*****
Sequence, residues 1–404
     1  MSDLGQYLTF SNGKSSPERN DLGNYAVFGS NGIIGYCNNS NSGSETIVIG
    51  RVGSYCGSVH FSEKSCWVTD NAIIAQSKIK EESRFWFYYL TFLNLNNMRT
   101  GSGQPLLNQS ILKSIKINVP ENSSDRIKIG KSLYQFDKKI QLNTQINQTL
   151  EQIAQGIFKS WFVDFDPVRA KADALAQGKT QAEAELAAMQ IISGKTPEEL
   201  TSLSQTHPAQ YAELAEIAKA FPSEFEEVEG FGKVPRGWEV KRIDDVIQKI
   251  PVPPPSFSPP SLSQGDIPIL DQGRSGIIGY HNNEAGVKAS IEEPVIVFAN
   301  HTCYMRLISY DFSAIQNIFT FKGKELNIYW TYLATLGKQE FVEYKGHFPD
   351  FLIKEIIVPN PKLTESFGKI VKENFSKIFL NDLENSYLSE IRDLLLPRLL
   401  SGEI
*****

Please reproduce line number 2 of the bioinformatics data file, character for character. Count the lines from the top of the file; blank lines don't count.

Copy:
     1  MSDLGQYLTF SNGKSSPERN DLGNYAVFGS NGIIGYCNNS NSGSETIVIG